BANGOR, Maine — A federal judge called a Rockport man “a pharmacist’s worst nightmare” in sentencing him Wednesday to 11 years and nine months in prison for the armed robbery of a Millinocket pharmacy last summer.
Nicholas Skoby, 30, pleaded guilty in February to two counts: interference with commerce by robbery and using, carrying or brandishing a firearm in connection with a crime of violence.
In addition to prison time, U.S. District Judge John Woodcock sentenced Skoby to five years of supervised release. Woodcock also ordered Skoby to pay $250 in restitution to Rite Aid, its cost for the drugs he stole.
“I can tell you, Mr. Skoby, unequivocally that you are a pharmacist’s worst nightmare,” Woodcock told the defendant just before he imposed the sentence. “Pharmacists do important, vital jobs. It takes years of dedication and education and attention to detail to perform daily this vital service to the public.
“But they do so at a risk,” the judge continued. “That risk is someone like you. Someone addicted to the drugs they are guardians of. Someone willing to use violence to feed an addiction.”
Members of Skoby’s family sat behind him weeping as Woodcock spoke.
Skoby demanded cash and pills from a pharmacist at Rite Aid on Aug. 29, showing the butt of a gun stuck in the waistband of his pants. He then led police on a high-speed chase, according to the prosecution version of events to which he pleaded guilty.
He left the store with 142 oxycodone pills, 160 tablets of Ritalin and $586 in cash, according to court documents.
The judge on Wednesday ordered Skoby to forfeit the 9 mm handgun seized when he was arrested less than 40 minutes after the robbery.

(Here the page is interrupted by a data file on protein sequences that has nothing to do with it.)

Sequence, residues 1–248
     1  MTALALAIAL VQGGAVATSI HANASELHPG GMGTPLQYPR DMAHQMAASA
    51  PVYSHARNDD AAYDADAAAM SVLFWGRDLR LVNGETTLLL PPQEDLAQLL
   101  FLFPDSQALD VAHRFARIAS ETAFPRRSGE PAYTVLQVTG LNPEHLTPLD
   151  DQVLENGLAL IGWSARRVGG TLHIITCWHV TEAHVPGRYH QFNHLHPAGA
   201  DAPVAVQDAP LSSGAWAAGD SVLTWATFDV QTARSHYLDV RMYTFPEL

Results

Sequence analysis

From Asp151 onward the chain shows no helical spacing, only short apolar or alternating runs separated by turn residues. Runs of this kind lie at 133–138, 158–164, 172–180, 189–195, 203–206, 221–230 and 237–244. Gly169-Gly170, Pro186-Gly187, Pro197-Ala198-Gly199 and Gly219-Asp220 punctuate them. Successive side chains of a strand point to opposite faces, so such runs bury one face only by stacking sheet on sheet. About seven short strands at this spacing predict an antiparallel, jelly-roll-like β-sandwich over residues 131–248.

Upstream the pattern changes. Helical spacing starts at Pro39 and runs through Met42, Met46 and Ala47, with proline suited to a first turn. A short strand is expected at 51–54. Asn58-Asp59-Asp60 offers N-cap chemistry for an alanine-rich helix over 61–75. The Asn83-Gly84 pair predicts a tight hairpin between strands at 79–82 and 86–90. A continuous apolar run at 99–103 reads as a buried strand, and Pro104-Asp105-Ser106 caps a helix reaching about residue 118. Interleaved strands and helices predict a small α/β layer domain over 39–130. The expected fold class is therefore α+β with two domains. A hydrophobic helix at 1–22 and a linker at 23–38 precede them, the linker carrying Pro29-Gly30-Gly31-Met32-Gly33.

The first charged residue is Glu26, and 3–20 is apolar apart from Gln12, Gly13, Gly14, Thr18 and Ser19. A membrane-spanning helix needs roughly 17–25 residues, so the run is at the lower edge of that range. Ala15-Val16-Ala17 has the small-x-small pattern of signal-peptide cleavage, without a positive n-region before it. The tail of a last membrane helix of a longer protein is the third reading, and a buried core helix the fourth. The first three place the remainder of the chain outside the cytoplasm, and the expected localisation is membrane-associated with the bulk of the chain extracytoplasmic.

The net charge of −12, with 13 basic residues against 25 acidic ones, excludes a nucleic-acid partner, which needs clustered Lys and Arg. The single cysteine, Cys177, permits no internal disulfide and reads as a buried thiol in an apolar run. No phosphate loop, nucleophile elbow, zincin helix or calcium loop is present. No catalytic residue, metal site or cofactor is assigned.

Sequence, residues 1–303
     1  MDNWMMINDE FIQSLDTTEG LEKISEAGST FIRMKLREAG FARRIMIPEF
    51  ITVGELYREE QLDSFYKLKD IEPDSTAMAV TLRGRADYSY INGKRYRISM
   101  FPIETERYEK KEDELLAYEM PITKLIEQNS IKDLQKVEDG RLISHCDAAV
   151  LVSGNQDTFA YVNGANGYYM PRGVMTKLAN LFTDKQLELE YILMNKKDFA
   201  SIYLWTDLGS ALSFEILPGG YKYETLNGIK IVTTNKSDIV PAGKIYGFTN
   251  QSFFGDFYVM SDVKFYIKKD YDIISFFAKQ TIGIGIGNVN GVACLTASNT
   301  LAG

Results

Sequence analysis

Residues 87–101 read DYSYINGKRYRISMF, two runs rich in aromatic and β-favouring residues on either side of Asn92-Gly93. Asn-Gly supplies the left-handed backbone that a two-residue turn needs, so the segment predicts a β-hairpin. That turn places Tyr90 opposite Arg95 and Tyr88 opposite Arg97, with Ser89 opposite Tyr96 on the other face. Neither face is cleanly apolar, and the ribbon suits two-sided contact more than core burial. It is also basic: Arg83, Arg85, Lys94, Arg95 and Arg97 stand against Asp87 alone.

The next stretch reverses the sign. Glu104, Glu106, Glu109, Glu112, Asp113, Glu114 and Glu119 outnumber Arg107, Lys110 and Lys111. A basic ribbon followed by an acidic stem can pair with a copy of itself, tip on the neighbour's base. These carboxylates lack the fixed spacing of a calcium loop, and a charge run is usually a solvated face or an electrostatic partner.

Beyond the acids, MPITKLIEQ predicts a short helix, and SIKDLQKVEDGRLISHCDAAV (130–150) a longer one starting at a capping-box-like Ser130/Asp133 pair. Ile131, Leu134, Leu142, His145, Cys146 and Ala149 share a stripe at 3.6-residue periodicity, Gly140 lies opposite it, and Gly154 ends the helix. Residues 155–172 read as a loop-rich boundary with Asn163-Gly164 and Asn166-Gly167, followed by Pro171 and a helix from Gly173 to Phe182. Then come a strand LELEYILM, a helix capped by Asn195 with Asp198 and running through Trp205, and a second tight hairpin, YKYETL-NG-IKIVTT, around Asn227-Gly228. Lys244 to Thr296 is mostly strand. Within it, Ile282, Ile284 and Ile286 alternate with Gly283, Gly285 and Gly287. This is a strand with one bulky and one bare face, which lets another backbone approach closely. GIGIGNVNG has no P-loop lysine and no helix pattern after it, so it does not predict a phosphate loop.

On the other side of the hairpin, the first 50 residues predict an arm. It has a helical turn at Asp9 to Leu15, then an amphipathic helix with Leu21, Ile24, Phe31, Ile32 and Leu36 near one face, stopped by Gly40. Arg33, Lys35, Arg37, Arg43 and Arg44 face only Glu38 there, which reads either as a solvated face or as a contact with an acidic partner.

Woodcock told Skoby he was imposing the maximum sentence under the federal sentencing guidelines because his “overwhelming obligation” was to protect victims, such as the pharmacist who was working the day of the robbery, from criminals.
The pharmacist told Woodcock that she has been exhausted, angry and suspicious of strangers since the robbery. The woman said she is afraid in her workplace and her family is afraid for her to go to work.
“He didn’t just rob me, he terrorized me,” the emotional pharmacist told Woodcock. “He told me I was going to die over and over again and counted down the seconds.”
Skoby apologized to the woman and to the community of Millinocket when he addressed the court.
“I am so, so sorry,” he said directly to his victim. “I wish I could take that day back. That was not me.”
The defendant told Woodcock he had been sober and on medication for mental health problems during the two years before the robbery. Skoby said that he led Alcoholics Anonymous and Narcotics Anonymous meetings in the Rockland area, including at the Knox County Jail.
Skoby told police after his arrest that he was high on alcohol, marijuana, crack cocaine and bath salts at the time of the robbery. He also has admitted to getting his girlfriend to try to smuggle suboxone strips into the Penobscot County Jail after he was indicted for the robbery.
He faced up to 30 years in prison on the robbery charge. Skoby also faced a mandatory additional seven years for showing the gun.
Under the prevailing federal sentencing guidelines, Skoby faced between three years and 10 months and four years and nine months in federal prison for the robbery. Assistant U.S. Attorney Todd Lowell, who prosecuted the case, urged Woodcock to impose the maximum sentence.
Skoby’s attorney, Robert M. Napolitano of Portland, sought a lesser sentence.
Even though he pleaded guilty to the charges, his sentence was not reduced because of the smuggling incident at the jail, the judge said. If Skoby had not persuaded his girlfriend to bring him drugs, his prison term would have been nine years and 11 months even if the judge had imposed the maximum sentence under the guidelines.